Worldpay is diving deep into crypto payments

The FIS unit is already a big player in helping consumers buy crypto with debit and credit cards. Worldpay’s next move could help replace plastic cards with crypto wallets.

Nabil Manji, head of Crypto and Emerging Business at Worldpay

Worldpay plans to let crypto-native businesses such as crypto exchanges accept fiat payments via Visa or Mastercard and convert the proceeds to stablecoins, said Nabil Manji, the company's head of Crypto and Emerging Business.

Photo: Luke MacGregor/Bloomberg via Getty Images

Worldpay is already processing billions of dollars of crypto purchases. Now the card-payments giant is diving deeper into crypto.

The unit of FIS has a network of more than 1 million merchants that it could use to mainstream crypto payments — a sector that’s been dominated to date by a handful of crypto-native companies. And it works with four large U.S. crypto exchanges: Binance, Coinbase,, OKEx.

It’s planning to leverage those relationships to move beyond allowing consumers to buy crypto with credit or debit cards, its primary crypto business at present. With a big bet on stablecoins, Worldpay is hoping to mainstream crypto payments with two new products it’s readying for release.

First, it plans to let crypto-native businesses such as crypto exchanges accept fiat payments via Visa or Mastercard and convert the proceeds to stablecoins, said Nabil Manji, head of Crypto and Emerging Business at Worldpay. This product, especially useful for companies that use stablecoins as their reserve currency and prefer not to touch fiat, is expected to launch by the end of June.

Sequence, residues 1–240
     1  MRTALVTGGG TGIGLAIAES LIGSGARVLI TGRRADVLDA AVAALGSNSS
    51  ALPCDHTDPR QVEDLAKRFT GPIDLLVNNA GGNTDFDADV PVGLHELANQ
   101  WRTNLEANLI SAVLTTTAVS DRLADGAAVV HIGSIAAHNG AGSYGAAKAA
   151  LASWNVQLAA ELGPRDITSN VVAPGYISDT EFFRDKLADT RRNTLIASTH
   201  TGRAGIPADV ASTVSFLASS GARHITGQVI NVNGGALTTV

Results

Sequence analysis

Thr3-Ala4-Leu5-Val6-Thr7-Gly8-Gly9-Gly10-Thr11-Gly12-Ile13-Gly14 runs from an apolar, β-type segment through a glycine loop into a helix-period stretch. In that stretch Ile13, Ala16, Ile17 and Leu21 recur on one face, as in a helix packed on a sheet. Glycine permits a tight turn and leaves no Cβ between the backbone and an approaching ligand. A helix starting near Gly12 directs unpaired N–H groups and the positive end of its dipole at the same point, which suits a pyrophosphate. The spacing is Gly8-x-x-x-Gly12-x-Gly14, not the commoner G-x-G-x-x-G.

The second product, “pay by crypto,” would let any Worldpay merchant accept stablecoins and other cryptocurrencies as payment directly from consumers, online or in person. The merchant would have the option to immediately convert the payment to fiat if it wants. The product is still being developed but could be available later this year or early next year. Instead of paying with a card, consumers could use a crypto wallet — which is a notable move coming from a payment processor that built its business on cards.

This pay-by-crypto product would potentially provide consumers with many more merchants where they could spend their crypto, since Worldpay has more than 1 million merchants worldwide.

The company got its start in crypto in late 2018, building the tools and expertise it needed to process cryptocurrency transactions at scale over time, Manji said. Worldpay did about $15 billion in debit and credit card purchases of crypto in 2021.

Though cards are a big part of Worldpay’s business, it does offer a number of alternative payment methods, such as Alipay, PayPal and WeChat Pay, as well as direct bank transfers in a number of countries.

Worldpay hasn’t said what it will charge merchants yet. While they could bypass Visa's and Mastercard’s interchange rates and avoid chargebacks, crypto transactions carry their own fees, and merchants would have to figure out processes for refunds and disputes.

The move of a major card processor into crypto could magnify the threat crypto poses to Visa's and Mastercard’s payment rails. At the same time, the card networks are making their own moves to get into crypto. Mastercard has a deal with Coinbase on NFTs, as well as another with Bakkt to enable crypto-based debit and credit cards. Visa has cards with Coinbase and BlockFi among others and is testing settling in stablecoins.

It’s not clear if consumers will want to spend their crypto. Cards offer many advantages, such as airline miles, chargebacks and fraud protection and ease of use. Even those who are crypto-savvy are reluctant to spend crypto that fluctuates in value, since that could mean triggering taxes or foregoing a big run-up in price.

Worldpay’s emphasis on stablecoins could help address this, since those tokens are designed to hold a steady value against fiat currencies. And it’s positioning itself to be ready if and when consumers decide they’re willing to pay with crypto.


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